We scored nine runs that inning and won the game like 29 to 9 or something outrageous like that. I went 3 for 5, had a grand slam, and was the winning pitcher. It was my best sports moment ever. I close my eyes and I can still hear the noise and see the ball dropping over the fence.

My dad was a nut. He knew pretty much all the families and kids, and at one point one of their batters, Cam Creps, was in the on deck circle and he and my dad were talking trash to each other. Cam said he bet he would hit a home run. My dad never saw a bet he didn’t want to make, so right on the spot he bet Cam five dollars that he would not hit a homerun. Cam was pretty motivated. He hit the first pitch over the fence! Thanks Dad!

It was a great day.

2 comments:

Anonymous said...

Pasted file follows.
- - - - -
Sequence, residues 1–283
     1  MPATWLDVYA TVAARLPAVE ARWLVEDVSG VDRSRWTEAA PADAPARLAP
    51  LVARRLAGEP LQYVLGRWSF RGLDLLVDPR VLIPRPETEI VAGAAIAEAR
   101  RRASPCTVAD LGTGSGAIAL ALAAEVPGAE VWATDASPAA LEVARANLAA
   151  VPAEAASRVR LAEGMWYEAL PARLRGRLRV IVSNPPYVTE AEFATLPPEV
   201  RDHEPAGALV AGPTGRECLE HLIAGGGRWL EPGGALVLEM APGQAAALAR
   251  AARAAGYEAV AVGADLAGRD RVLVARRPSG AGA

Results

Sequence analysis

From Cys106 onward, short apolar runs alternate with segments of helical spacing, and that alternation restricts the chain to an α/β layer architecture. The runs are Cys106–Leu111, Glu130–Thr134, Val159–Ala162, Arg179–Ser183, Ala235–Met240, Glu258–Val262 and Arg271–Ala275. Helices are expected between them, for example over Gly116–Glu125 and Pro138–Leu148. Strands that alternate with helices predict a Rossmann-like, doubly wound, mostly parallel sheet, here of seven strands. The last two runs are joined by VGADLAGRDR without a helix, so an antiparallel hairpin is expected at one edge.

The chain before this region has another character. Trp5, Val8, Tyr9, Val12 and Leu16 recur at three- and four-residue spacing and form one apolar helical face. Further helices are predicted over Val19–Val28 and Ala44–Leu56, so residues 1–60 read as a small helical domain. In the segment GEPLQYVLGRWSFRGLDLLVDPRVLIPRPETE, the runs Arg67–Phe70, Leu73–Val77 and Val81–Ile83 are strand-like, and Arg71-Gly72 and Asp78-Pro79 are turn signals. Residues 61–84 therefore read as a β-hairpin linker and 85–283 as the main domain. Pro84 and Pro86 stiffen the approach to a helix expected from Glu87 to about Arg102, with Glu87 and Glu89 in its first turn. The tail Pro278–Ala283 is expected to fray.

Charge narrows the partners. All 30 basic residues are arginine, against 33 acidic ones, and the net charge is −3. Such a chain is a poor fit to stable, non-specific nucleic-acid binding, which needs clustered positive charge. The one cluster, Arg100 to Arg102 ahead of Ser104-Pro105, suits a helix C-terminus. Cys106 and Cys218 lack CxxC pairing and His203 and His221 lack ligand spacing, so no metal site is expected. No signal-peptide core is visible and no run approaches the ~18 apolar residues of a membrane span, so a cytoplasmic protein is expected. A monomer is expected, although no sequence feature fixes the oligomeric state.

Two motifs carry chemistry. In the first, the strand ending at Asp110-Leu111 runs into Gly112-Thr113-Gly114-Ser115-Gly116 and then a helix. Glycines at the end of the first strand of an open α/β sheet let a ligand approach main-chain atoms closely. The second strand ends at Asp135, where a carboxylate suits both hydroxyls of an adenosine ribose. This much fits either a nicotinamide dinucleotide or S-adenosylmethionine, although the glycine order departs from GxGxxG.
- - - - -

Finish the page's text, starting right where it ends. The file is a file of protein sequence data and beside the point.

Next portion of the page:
hi joel. I'm Ernie McGrew and I played for Sunshine Laundry about the same time you played for our arch rival, Custom Cleaners. I was just watching the Braves on TV tonight and was reminded of our old umpire, kirby Higby. When I googled him, your site came up. Sure brought back some great childhood memories. ernie915@gmail dot com

Anonymous said...

Your comment about parents made me laugh. I think it was Yogi Berra who said something like "Little League baseball is good for parents; it keeps them off the streets.

Congrats on the grand slam! That is surely a memory for the ages.